Rancho Santa Fe water district to use additional reserve funds to help cover expenses this year
By Joe Tash
An unusually dry winter in San Diego County means the Santa Fe Irrigation District will need to take an additional $700,000 out of reserves to cover its expenses this year, the water agency reported Thursday, Jan. 16.
In budgeting for the current fiscal year, which runs through June 30, the Santa Fe board opted not to raise rates on its customers in 2014 for the first time in more than a decade. Instead, the district decided to pull $1 million from its “rate stabilization fund” to cover increased costs, including the costs of imported water from its suppliers.
However, because of the lack of rainfall needed to fill Lake Hodges this winter, the district will have to buy more imported water than anticipated, meaning it will have to pull a total of $1.7 million from reserves.
District staff reported on the developments at the water board’s regular monthly meeting, during an annual mid-year budget review. While the district had budgeted for using cheaper local water for 30 percent of its needs, the actual amount of available local water will be closer to 11 percent, said the report.
That means the district will have to buy more expensive imported water at an additional cost of about $2.4 million. The added expense is partially offset by savings in the cost of treating local water from Lake Hodges, the report said, and the district’s bottom line will also benefit from higher-than-anticipated water sales. So the net impact on its budget will be the additional $700,000 it needs to take from reserves.
In a year with plentiful rainfall, the district gets as much as 50 percent of its water from Lake Hodges, and puts the savings into reserves, said district general manager Mike Bardin.
Bardin said the district established its rate stabilization fund precisely for the purpose of filling temporary budget shortfalls caused by annual variations in rainfall amounts.
“We are doing exactly what we said we would do, what we planned to do,” Bardin said. “This is exactly how we expected it to play out.”
However, the district won’t be able to rely on the rate stabilization fund to cover expenses if the drought persists, Bardin said.
Currently, the rate stabilization fund has about $2.4 million in it, which will be reduced to about $700,000 after the $1.7 million is removed this year, district staff said.
Director Greg Gruzdowich said he was concerned about relying on reserves to cover operating costs.
“What I don’t want to see us get into is taking so much from the rate stabilization funds that we are sitting on a precarious reserve,” Gruzdowich said.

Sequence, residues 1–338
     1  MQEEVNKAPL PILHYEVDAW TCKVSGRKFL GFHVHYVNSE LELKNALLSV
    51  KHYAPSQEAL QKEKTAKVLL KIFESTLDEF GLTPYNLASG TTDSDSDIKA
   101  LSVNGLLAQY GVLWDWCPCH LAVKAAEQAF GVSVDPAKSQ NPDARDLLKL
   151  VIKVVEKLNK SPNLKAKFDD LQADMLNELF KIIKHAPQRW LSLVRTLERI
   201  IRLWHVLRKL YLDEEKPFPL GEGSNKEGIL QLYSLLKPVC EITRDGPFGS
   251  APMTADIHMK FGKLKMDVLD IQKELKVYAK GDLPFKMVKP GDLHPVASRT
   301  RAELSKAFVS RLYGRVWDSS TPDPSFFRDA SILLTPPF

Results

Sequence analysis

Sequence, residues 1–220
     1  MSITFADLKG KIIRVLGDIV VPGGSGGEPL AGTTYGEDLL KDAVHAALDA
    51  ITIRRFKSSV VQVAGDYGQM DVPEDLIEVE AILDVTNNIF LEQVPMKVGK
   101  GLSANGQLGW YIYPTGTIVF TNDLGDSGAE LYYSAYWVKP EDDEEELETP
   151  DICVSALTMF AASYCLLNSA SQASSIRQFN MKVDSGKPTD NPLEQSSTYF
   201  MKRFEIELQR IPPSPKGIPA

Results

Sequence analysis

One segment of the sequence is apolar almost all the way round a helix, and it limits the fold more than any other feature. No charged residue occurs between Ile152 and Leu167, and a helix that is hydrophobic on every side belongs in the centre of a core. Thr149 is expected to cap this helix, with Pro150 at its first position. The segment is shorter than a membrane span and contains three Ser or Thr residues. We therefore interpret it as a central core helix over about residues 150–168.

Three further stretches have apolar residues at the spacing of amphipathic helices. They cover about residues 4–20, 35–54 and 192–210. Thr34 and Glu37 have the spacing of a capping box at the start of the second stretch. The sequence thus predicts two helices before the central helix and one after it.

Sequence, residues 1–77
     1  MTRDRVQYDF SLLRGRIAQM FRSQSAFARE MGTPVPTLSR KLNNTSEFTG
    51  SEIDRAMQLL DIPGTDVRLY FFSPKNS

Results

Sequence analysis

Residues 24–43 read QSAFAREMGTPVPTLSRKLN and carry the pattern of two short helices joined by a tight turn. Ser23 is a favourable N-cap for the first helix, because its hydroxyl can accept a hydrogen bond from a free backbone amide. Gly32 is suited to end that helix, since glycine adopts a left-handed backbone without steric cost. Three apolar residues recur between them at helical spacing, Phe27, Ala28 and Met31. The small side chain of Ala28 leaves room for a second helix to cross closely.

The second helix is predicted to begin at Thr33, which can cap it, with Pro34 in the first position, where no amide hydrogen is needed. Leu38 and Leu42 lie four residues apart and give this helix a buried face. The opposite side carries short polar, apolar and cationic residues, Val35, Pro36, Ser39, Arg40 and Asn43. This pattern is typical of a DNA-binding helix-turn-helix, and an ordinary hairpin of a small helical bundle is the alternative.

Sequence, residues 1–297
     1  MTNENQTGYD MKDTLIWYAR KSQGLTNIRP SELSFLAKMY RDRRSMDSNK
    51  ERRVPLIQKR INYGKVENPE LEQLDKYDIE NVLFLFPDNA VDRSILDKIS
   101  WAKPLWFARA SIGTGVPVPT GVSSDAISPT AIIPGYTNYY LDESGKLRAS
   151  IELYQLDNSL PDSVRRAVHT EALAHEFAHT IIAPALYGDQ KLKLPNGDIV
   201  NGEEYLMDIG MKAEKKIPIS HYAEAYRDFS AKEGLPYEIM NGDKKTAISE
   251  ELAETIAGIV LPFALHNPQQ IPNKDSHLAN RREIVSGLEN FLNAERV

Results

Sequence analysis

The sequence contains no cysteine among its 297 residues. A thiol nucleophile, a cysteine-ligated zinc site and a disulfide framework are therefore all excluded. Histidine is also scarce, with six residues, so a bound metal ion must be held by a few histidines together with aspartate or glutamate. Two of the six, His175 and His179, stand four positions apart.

Rather, he said, the district should look to cutting expenses.
But board president Michael Hogan said the district has been cutting costs for some time.
“We put the brakes on (spending) so hard we were able to put money into reserves,” Hogan said.
Bardin agreed that the district is still in “belt-tightening mode.”
Although district customers (residents of Rancho Santa Fe, Solana Beach and Fairbanks Ranch) avoided a rate increase this year, rates have not yet been set for 2015.
At their February meeting, Santa Fe directors will discuss conducting a cost-of-service study, to look at district costs and revenue, information that will be used for setting future rates.
Another factor in water costs is the statewide drought. Last year was determined the driest in California history, and last week Gov. Jerry Brown officially declared a drought emergency in the state.
Director Andy Menshek said that in light of the drought looming over the state, Santa Fe should consider charging higher rates to those who use the most water. As an example, he said, one residential property in Rancho Santa Fe uses 50-acre-feet of water per year for landscape irrigation, while water experts note that an acre-foot (326,000 gallons) meets an average family’s water needs for a year.
“I think we should look very strongly, in light of the drought we’re in… at a tier structure for high-end users to offset some of our deficit,” Menshek said.
Bardin said the district’s rates already account for usage levels. “Those big users pay dearly already under our rate structure,” he said.